Hi Folks, This is a crazy area, for a variety of reasons. I'll try to describe Bangkok. First of all it's always hot and steamy. The "coolest" months are December, January, and February-even then it's hot and humid during the day and night. There are so many people it's almost hard to fathom. When you walk in the streets, you have never seen anything like the commotion/activity. It makes NYC look tame. But it all works. Every single inch of space is taken up by little shops and stands-mostly selling clothes. You wonder how on earth there are enough people buying things to support the seemingly tens of thousands of these stores and shops. And they are open about 18 hours a day. All kinds of food stands pack the sidewalks and many, many restaurants and bars. It's the activity level that you have to see to believe. I like it. This part of Bangkok is where travelers from all over the world congregate. If you sit at a sidewalk cafe you will hear 50 languages in an hour. Most of the people are young-in their 20s. They probably just finished college (or dropped out- lots of that here) and they go to Europe, or the more adventurous here to S.E. Asia. The big difference between Europe and Asia, and they are many and vast, is that Europe feels much more "sophisticated." Way cleaner for example. Buildings and monuments have been taken care of much better. The people dress and act "richer." And they are. But that doesn't mean life isn't as good here, it's just different-in an Asian way. By far the greatest part of the 6 billion people on Earth live in Asia. China and India alone count for 40% of the world's population. That means 1 in every 4 people is either Chinese or Indian!! Of course Thai food is awesome. I eat lots of rice and veggies (cooked). I just had that for dinner and it was 50 Baht=$1.50 My room is clean, has hot water, shower, a/c, and satelitte tv, and a big pool on the top deck overlooking Bangkok. Real nice. In this area of Bangkok, I am the oldest person here-by far. Americans my age that come here stay in hotels with other Americans and German and Japanese tourists. They never really get to know the people. Tomorrow I will do one of my favorite things I do all over the world. Most of the great cities are on rivers, like here, and most of the workers come from the "other side of the river" to work in the hotels, restaurants, etc. So I find out where the ferries drop them off, and I take them back to wherever they came from. I have no idea where I'm going, and after a nice ride, I get off and explore the area. I have never felt in any way threatened. Most people over here are very friendly- very Buddhist. Thailand is infamous for its sex business, but as you know I don't get involved with that. Those type of places are always in one part of the city, so it's easy to avoid ever being exposed to that seamy underside. The temples are truly AMAZING. And there are so many of them. In 3 or 4 days I'm off to Laos, N. Vietnam, Cambodia and Burma to do some trekking in the mountains. Very interesting, as there are many hilltribe people up there, and if you get to the right places, you can find a guide to take you into the hills-by longboat and elephant. Then you trek from village to village and the locals will put you up in their homes-which are thatched hut types on long stilts as when it rains up here, it's the real deal monsoon! It feels like you are reading a National Geographic article!! The countries are all different, and separate visas are needed for each one, and various forms of transportation are required. Sometimes you fly, or take a bus, or train-depending on the topography and what level the country is up to in this area. Make no mistake, this is adventure travel, and you get a real Indiana Jones type of rush from it all. I started out by saying you would love it here, so I hope you all will consider visiting S.E. Asia-there's nothing like it to expand your understanding of this planet. That's it for now, I'm off to firm up my itinerary. Ciao, Richard Roe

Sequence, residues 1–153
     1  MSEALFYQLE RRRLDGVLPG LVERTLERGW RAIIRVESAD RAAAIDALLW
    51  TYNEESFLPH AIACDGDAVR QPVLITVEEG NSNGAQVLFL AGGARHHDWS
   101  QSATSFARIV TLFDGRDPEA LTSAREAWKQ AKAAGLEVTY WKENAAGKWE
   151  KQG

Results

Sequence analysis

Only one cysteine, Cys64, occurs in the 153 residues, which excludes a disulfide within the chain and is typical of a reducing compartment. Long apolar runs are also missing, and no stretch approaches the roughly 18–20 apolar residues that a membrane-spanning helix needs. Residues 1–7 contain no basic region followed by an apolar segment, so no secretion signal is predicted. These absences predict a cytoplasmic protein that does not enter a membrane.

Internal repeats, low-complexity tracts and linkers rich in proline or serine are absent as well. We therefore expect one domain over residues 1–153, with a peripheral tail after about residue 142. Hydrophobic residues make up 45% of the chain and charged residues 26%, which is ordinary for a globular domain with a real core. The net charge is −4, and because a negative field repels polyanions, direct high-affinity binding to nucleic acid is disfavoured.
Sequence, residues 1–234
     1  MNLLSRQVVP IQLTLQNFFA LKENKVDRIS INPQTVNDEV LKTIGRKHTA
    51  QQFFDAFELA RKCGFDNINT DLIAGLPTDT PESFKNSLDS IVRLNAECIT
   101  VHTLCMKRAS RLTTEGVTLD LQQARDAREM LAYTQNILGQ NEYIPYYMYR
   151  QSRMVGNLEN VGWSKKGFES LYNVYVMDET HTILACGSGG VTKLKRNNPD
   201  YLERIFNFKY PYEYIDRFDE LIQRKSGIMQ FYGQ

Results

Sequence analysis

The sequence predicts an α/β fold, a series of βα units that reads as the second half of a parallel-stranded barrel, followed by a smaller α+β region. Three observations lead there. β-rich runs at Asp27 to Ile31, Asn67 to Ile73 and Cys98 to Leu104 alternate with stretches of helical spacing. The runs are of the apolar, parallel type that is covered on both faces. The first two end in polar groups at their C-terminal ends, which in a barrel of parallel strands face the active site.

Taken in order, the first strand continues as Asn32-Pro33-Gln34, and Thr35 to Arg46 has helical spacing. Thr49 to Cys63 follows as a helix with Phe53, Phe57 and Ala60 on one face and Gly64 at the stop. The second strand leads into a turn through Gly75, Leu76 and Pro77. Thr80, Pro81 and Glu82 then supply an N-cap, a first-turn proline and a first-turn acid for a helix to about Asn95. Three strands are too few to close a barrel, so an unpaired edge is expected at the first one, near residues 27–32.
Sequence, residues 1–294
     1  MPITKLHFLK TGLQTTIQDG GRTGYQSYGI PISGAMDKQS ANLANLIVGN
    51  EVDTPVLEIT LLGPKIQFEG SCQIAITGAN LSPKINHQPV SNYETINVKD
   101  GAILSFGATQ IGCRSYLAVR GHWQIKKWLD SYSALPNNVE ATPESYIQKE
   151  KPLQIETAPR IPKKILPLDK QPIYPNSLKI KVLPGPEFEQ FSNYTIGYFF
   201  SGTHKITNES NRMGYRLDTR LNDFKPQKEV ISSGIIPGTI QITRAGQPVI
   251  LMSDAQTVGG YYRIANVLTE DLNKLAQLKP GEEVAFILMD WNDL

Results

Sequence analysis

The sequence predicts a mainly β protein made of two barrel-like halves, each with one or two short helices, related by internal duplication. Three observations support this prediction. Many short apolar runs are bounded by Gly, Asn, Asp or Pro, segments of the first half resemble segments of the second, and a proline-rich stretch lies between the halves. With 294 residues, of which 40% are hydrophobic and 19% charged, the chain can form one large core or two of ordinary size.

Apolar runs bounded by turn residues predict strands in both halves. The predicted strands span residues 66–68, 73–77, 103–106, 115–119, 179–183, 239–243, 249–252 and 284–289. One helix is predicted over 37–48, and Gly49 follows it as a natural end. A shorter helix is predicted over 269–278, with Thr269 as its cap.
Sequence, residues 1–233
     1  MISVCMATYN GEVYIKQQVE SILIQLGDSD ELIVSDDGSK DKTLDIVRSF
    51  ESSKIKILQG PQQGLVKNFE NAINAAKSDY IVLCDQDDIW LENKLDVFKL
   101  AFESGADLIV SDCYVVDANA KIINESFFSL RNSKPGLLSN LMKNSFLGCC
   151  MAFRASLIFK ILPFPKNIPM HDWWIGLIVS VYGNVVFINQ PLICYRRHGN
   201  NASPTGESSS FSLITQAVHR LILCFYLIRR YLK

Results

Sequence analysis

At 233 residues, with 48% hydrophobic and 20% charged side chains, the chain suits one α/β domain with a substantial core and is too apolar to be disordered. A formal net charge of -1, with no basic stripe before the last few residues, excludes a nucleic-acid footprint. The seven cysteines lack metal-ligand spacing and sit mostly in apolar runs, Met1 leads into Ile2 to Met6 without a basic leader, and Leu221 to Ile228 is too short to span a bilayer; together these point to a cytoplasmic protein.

From a 40+ woman in Florida: Question-"Why is it good to make love to women over 40?" Answer: "We don't yell. We don't tell. We don't swell. And we're grateful as hell!!" Another reader sent in a quote by Freya Stark, a world traveler: "A great traveler is a kind of introspective who, as she covers the ground outwardly, so she advances inwardly." From a reader in California: "If you hear a voice within you that says 'You cannot paint,' then by all means paint, and that voice will be silenced." Vincent Van Gogh.